A: Absence of cardiac activity on POCUS by itself has both high sensitivity and a high specificity for futility of CPR

B: In patients with asystole on ECG, the sensitivity of POCUS for futility of CPR is higher than in patients with electrical activity on ECG

C: ECG in combinations with POCUS performs well as reliable tests to identify patients likely to survive

The correct answer is B.

Simon Huang discussed the results of this trial on his blog at CanadiEM.

Absence of cardiac activity on POCUS alone has a high sensitivity (96%) but a low specificity (34%) for futility of CPR.

The combination of no cardiac activity on POCUS and an asystole on the ECG has a sensitivity of 98.2% for failure of ROSC, compared to 87% with no cardiac activity on POCUS and a PEA on the ECG.

Unfortunately, neither ECG nor POCUS alone or in combination performed well as reliable tests to identify patients likely to survive, with specificities maximizing at just over 50%.

SHoC-ED2: Ultrasound and ECG findings as predictors of cardiac arrest outcomes in the emergency department

Source: www.aliem.com

Question 4

A 66-year-old otherwise healthy female presents at your emergency department after being found unconscious on the floor. On arrival she is back to her baseline normal mental status, without complaints and with normal vital signs.  

Which of the following statements is true about syncope?

A: Unilateral tongue biting is more common in seizures compared to vasovagal syncope, whereas bilateral tongue biting is more characteristic for vasovagal syncope 

B: Several Clinical Decision Rules for syncope are reliable and externally validated

C: The rate of pulmonary embolism in syncope patients is most likely about 17 percent 

D: Routine use of laboratory tests in syncope are not recommended in ACEP guidelines

The correct answer is D.

Andrew Grock covered the work-up of syncope this week on AliEM.

He introduced a 3-step, evidence-based framework for the evaluation and work-up of syncope. Step 1: make sure it’s syncope, step 2: consider true syncope versus symptom syncope and step 3: assess the patient’s dysrhythmia risk.

Lateral tongue biting, especially bilateral, or postictal confusion is more characteristic for a seizure than for syncope. 

Not a single Clinical Decision Rule for syncope is externally validated so far, although the Canadian Syncope Rule looks promising.

17 Percent pulmonary embolism… well enough said about the PESIT trial. The rate of pulmonary embolism in patients presenting to the ED is most likely < 1 percent. 

And indeed, routine use of laboratory tests in syncope is not recommended in ACEP guidelines.

Question 5

In this recently published secondary analysis of patients from the Isotonic Solutions and Major Adverse Renal Events Trial (SMART), the authors compared balanced crystalloids (>90 % Lactated Ringer’s) and normal saline in sepsis patients admitted to the intensive care. 

What did this paper show?

A: In this cohort of very ill patients, the 30 day mortality was significantly lower in patients treated with balanced crystalloids

B: In this cohort of very ill patients, the 30 day mortality was significantly lower in patients treated with normal saline

C: There was no difference between the two groups

The correct answer is A.

RebelEM covered this secondary analysis of the SMART trial last week. 

1,641 Out of >15,000 patients were analyzed. A total of 217 patients (26.3%) in the balanced crystalloids group and 255 patients (31.2%) in the saline group experienced 30-day in-hospital mortality.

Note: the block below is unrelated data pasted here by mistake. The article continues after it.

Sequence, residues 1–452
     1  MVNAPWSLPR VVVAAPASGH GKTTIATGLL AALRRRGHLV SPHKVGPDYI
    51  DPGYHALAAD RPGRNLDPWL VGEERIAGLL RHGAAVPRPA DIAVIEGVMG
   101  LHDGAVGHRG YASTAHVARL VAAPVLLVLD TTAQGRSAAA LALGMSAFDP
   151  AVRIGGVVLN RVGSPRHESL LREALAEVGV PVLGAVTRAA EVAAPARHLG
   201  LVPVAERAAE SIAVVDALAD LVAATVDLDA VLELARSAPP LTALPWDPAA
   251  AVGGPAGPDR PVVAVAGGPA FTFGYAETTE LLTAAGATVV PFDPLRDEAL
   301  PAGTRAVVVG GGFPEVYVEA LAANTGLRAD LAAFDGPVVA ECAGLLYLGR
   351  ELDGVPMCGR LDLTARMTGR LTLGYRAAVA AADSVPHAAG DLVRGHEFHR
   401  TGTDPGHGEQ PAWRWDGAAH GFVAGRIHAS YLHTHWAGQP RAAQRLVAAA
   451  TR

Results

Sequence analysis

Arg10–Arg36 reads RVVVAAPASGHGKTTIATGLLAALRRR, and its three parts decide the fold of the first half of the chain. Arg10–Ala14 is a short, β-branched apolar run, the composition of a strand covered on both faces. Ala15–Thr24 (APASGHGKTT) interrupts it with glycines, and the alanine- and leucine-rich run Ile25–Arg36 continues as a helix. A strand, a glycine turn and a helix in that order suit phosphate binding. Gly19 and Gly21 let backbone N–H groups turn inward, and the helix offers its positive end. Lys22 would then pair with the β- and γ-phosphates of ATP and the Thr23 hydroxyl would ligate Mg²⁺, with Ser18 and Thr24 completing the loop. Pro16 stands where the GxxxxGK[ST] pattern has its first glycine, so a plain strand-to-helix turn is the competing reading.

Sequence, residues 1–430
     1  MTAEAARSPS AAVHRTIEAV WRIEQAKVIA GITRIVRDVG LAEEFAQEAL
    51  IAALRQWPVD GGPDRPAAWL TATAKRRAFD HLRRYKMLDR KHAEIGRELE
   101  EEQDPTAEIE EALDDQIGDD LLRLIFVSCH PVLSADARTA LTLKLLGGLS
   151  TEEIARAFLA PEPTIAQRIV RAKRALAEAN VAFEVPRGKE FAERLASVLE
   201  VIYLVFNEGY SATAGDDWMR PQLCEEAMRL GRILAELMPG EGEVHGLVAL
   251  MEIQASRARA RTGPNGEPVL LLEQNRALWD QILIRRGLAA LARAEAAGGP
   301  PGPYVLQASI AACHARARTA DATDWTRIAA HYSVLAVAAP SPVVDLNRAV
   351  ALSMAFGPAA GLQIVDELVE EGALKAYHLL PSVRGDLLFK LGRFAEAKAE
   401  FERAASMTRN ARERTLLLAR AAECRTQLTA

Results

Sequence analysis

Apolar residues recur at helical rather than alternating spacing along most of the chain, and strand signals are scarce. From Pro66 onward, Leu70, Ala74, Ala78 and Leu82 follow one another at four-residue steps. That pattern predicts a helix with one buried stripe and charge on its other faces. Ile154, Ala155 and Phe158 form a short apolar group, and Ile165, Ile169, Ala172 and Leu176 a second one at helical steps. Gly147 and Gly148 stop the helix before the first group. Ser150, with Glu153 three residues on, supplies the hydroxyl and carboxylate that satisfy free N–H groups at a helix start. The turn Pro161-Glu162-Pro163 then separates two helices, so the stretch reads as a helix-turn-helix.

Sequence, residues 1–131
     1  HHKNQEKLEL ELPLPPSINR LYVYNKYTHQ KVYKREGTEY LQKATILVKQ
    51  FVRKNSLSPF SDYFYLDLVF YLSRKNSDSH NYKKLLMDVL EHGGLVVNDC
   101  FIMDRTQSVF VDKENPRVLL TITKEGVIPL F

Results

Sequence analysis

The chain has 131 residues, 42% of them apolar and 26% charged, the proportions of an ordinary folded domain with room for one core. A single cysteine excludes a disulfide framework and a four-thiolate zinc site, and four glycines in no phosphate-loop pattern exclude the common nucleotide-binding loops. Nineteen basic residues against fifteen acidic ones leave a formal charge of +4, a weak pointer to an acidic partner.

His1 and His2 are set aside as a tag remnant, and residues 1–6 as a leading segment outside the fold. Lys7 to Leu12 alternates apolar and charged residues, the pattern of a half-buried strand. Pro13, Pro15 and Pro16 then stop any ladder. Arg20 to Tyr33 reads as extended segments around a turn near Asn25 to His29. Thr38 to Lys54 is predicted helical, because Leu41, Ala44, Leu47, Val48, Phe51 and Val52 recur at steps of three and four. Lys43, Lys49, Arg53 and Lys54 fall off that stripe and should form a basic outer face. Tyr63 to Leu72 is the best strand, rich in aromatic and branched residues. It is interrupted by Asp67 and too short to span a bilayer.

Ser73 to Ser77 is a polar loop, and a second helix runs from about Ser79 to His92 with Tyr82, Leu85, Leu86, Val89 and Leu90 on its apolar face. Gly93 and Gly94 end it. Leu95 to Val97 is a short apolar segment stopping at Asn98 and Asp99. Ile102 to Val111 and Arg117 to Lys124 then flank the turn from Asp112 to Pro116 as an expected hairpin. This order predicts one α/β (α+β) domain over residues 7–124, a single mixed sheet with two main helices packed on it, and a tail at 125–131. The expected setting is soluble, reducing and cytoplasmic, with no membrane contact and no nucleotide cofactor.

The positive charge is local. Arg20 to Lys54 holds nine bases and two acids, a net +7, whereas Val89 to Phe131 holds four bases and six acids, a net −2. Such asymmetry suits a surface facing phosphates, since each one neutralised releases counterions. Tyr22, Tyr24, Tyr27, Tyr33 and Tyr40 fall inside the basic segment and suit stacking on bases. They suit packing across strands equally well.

Probably one more piece of evidence toward the use of balanced crystalloid… to be continued.

SMART Trial Part 2: Secondary Analysis of Balanced Crystalloids vs Saline in Sepsis

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This quiz was written by Eefje Verschuuren, Kirsten van der Zwet, Hüsna Sahin and Joep Hermans

Reviewed and edited by Rick Thissen

Quiz 53, December 6th, 2019

Welcome to the 53th FOAMed Quiz. 

Enjoy!

Kirsten, Eefje, Hüsna, Joep and Rick

Question 1

Source image: https://litfl.com/

Your 53-year-old female patient presents with an AV-nodal reentry tachycardia (AVNRT). She is hemodynamically stable with a pulse rate of 175/min and blood pressure of 118/90 mmHg. You want to give her adenosine.

Which of the following statements is true about the administration of adenosine?

A: Adenosine diluted with saline in a single syringe push seems to be at least non-inferior to the usual adenosine push followed by a rapid saline flush

B: Adenosine diluted with saline in a single syringe push seems to be inferior to the usual adenosine push followed by a rapid saline flush

C: Adenosine diluted with saline as a single syringe push seems to induce more adverse events in comparison to the usual adenosine push followed by a rapid saline flush

The correct answer is A

Clay Smith covered this trial about the single syringe method for the administration of adenosine on JournalFeed.

One of the challenges of giving adenosine is the very quick saline push needed after the adenosine push. A few seconds between the two administrations might make a difference for successful cardioversion. Diluted adenosine in one syringe (a sort of push and flush together) can make it a lot easier!

The results of this trial are promising: successful conversion to normal sinus rhythm (NSR) with the first dose of adenosine was higher in the single syringe group: 73.1% compared to 40.7% in the controlgroup. There were no adverse events reported in the single syringe group. Keep in mind that this was a small, unblinded pilot study.

Source image: https://journalfeed.org/

Question 2

We prescribe a lot of antiemetics in the Emergency Department (ED). After all, nausea and vomiting are pretty common complaints.

But how about the evidence? Justin Morgenstern covered this paper earlier this week on First10EM. Which of the following statements is correct regarding the efficacy of droperidol and ondansetron as an antiemetic in the ED?